The Case Statement
It is not unusual to discover that an organization’s formal statement of justification for its existence and support has not been produced. And yet, the case statement is the single most important document that appropriately states your organization’s purpose, methods, values, and budget. It makes your case for support.
The case statement includes a complete portrayal of the need, problem, or opportunity that your organization addresses and why OPM (other people's money) is needed. In other words, the case statement is the organization's authoritative rationale for donor support. It keeps everyone connected and working on the same page to support the organization. It maintains consistency in terminology and helps protect against misrepresentation, exaggeration, and mission drift. In addition, it is the document from which all other fund development materials are drawn.
The case statement answers the following questions:
- WHY does your organization exist? The case statement explains why a specific organization is needed. For example, if there are already six after-school programs operating in the community, why is another one needed?
- WHAT need, problem or opportunity does your organization address? The case statement documents client needs as related to identified challenges or opportunities. It explains the degree of community need through facts and figures, as well as through individual case descriptions and client success stories.
- WHAT programs and services will your organization offer to provide a solution to the problem? The case statement will include a listing of the primary programs offered by an organization and a description of the services provided under each.
- WHEN: Are there timelines for the programs and services? Ongoing, periodical, one time only? The case statement describes when each program service is provided throughout the calendar year. For example, after-school programs are operated during the academic year and summer camps and enrichment programs may be provided in the summer months.
- WHERE: In what geographic areas will your organization provide the programs and services? The case statement should include a detailed description of the geographic boundaries of the organization’s service district and may even include a map illustrating its location within its state or region.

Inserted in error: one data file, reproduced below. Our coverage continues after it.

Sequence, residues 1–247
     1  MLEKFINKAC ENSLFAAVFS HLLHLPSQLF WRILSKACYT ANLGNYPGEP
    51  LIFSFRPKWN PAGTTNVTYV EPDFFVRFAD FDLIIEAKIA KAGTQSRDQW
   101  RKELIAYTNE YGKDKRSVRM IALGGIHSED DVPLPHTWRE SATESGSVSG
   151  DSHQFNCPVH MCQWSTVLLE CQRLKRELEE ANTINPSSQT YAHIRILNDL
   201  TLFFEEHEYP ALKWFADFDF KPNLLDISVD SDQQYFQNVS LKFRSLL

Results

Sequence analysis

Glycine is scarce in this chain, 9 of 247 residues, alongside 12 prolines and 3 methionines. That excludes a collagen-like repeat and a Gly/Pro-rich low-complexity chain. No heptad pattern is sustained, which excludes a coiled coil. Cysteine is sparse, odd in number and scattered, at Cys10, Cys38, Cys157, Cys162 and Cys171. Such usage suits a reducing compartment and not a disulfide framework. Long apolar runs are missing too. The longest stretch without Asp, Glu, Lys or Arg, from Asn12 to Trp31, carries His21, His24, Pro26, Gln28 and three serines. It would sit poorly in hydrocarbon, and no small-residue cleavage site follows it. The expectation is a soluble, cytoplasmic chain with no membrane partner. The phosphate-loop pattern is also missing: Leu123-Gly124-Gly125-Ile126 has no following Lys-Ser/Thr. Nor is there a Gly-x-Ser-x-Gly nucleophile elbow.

- WHO will the programs and services benefit? For example, a case statement may include longitudinal statistical studies, program performance data, demographic descriptions of area residents, documented trends, descriptions of changing client needs, etc.
- HOW will your organization’s goal(s) and objectives be accomplished? The case statement describes the implementation strategies that an organization will use to facilitate its anticipated measurable goals and objectives.
- HOW will your organization provide the solution to the problem (the programs and services) better than other organizations? The case statement must explain why the organization is the best suited to provide its specific services. For example, if there are only sports focused youth activities in the community, an organization proposing to provide fine art programming for at-risk youth in the same community will serve the creative and leadership development needs of youth that aren’t sports oriented. This needs to be explained clearly.
- HOW will your organization measure success and report the impact of the organizational achievements against the need? The case statement will provide information regarding how an organization will document program successes, client impacts, and program effects upon the community-at-large. Additionally, it may discuss how an organization regularly evaluates its success.
In short, the case statement makes the case for support. However, it does not ask for needed financial support – that is the function of a general operating, program, or project proposal.
However, the case statement is the primary document used by those creating proposals and cultivating donors when seeking funds for support. It is important to note that although a proposal is primarily drawn from the case statement, it is different in that it is usually shorter and more persuasive in tone. A proposal presentation package provides the materials appropriate for approaching funding agencies or donors. The materials are individually customized for each prospective donor or foundations (while retaining the purpose, mission and vision of the organization seeking funds).
It's easy to remember the differences between these documents: The case statement justifies the need for support, a proposal asks for it.